Thursday, December 20, 2012

Watch Your inHg

Hey Everyone,

If you're a dedicated trout bum like myself you watch the weather a lot. I don't mean to make sure you wont be rained on or to see if you'll be able to feel your fingers that morning. If you know me then you know I don't care about a little rain and a cold day to me means no body else on the water. I watch the weather to see what it is doing. See knowing what the weather has been doing and what it is going to do tells me a lot about what the fishing is going to be like for the day. See as the weather changes so does the barometric pressure. How does this affect the fishing? A trout has a small bladder called a swim bladder which acts as a buoyancy compensator. As the barometric pressure changes trout can feel those changes on their swim bladder. Think of a time that you ate way too much and felt like crap all day. The average measurement for atmospheric pressure is around 30 inHg (inches of Mercury) with 30.5 being an extreme high and 28.5 being an extreme low. Consequently, a rapid rise or fall or and extended period of extreme high or low can make a difference in the quality of fishing on any given day. A slight change of just +/- 0.02 inHg is enough to affect a trouts eating habits. Having flash backs of high school biology? Here is a easy chart that I think will help.

Pressure Trend Typical Weather Fishing Trends Suggested Tactics
(30.5 inHg)
Clear Skies Fish seek shade or cover Use sub-surface flies such as nymphs or wet flies. Fish close to cover and in deeper water over a dark bottom.
Rising Skies clearing Fish are slightly more inclined to feed Fish with brighter flies close to cover. Try Attractor nymphs or streamers.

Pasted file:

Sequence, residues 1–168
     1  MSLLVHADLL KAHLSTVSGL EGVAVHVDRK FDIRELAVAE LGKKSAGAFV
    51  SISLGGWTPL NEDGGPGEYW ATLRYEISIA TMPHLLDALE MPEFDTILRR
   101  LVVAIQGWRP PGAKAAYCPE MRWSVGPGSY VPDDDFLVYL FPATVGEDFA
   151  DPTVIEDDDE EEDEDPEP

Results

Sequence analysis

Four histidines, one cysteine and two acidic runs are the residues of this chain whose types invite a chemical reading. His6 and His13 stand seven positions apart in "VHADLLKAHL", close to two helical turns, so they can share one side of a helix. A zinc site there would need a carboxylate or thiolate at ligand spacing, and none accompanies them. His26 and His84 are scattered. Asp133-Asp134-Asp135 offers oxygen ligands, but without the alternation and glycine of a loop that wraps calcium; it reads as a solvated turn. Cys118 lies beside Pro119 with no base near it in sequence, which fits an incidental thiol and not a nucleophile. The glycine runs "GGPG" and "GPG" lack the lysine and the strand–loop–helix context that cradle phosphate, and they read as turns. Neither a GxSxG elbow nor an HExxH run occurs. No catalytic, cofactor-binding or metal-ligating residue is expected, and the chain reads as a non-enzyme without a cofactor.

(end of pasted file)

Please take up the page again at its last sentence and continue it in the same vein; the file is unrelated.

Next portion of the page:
Expect normal feeding behavior Trout are more inclined to feed both on and below the surface.
Rain Imminent
Often the best time to fish Try slightly larger flies. Also a good time to with large nymphs and streamers
Slightly Lower
Rain starts
Bait fish seek shelter in the shallows.
Bigger fish come out to hunt.
Try larger streamer patterns such as Dace, Sculpins, and Crayfish.
Also try larger nymphs such as Giant Stone Flies or Helgramites
(28.5 inHg)
Rain and high water
Trout tend to become less active during extended periods of low pressure
Try smaller nymphs and streamers.

I hope this helps.

See you on the trail,




  1. Right on lance. 29.92 is normal sea level pressure and it goes up from there. Pressure definitely plays a factor. I got a barometer just for that purpose. Nice post.

  2. I love these posts Lance. They are very interesting and give info I've always wanted to know more about. I like your chart with suggested tactics. I'm working on something I hope will be just as usefull. There isn't much information about fishing around the triangle. I working on a chart to show what species start biting during certain times of the year. That why no matter when it is you have something to fish for. I'm also working on what flies to use and tactics. I'm just not sure how much fishing location info I want to devulge.